Residents from Malabar Extension Six in Port Elizabeth are protesting against an order to relocate to a different site in the city. Picture: Raahil Sain/ANA

Port Elizabeth - Around 250 residents from Malabar Extension Six in Port Elizabeth have been told to pack their belongings, leave their shacks and relocate to a nearby service site where the metro has promised to build them new homes. 

But the residents are up in arms and outright refused to relocate yet again. 

On Monday they burnt tyres and protested against the proposed removal. A meeting was held at the Malabar Community Centre where residents were informed they would have to make the move. 

Ward councillor Sharlene Davids told the African News Agency (ANA) on Tuesday that the whole process was being halted by residents who refused to relocate. Davids said that no houses were built as yet and explained that the houses would only get built once the residents occupied the service site area which is located near the Malabar Primary School. 

But residents on Monday complained that they had no money nor materials to rebuild their shacks at the service site which is currently undergoing development of new roads.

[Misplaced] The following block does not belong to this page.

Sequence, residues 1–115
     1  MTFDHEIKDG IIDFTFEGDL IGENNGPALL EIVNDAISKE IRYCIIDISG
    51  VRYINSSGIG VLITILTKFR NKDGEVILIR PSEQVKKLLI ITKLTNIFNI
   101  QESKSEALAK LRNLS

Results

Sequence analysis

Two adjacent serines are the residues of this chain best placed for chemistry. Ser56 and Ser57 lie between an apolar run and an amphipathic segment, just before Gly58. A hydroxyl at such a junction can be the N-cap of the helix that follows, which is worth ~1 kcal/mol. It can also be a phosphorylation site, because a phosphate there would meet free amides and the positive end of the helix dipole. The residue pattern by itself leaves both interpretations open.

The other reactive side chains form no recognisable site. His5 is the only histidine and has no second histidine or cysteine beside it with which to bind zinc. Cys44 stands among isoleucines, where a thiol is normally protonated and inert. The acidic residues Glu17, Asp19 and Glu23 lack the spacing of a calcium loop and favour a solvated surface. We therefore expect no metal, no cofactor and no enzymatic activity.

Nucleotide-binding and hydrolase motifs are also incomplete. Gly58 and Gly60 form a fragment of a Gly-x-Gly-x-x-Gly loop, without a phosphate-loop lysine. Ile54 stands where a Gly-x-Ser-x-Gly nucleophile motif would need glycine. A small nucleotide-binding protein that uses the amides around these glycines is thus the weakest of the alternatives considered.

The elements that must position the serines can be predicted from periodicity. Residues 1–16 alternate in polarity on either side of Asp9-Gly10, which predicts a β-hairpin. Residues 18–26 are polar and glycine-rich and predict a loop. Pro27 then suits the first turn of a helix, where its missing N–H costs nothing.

Residents from Malabar Extension Six in Port Elizabeth are protesting against an order to relocate to a different site in the city. Video: Raahil Sain/ANA


Bronwyn Hiles, 32, said that the service site was near a gang infested area and they were being sent from pillar to post. Hiles claimed that this was the fourth time they have been told to relocate. 

However, Davids disputed this and said that since she had been the ward councillor for approximately two and a half years, residents had been instructed to relocate only twice. 

Leana Leslie, 17, said that they were also concerned that they would be forced to pay "protection fees" to gangsters in the area. Leslie said that they had no money to rebuild their shacks while waiting for houses to be built in the interim. "We don't have money to rebuild our shacks. Every time we must move we must rebuild and our shacks are getting smaller and smaller. We also don't have money to pay protection fees," she said. 

Elwinecia Rayners said that December last year for them was utter misery. "Suddenly we were told to move, there's no water here, no electricity. Snakes and rocks in our homes." 

Rayners said that they were tired of empty promises. It was not immediately clear as to when the Nelson Mandela Bay Municipality planned to start with the construction of the planned 200 houses. The Nelson Mandela Bay Municipality has yet to respond to media queries. 

African News Agency (ANA)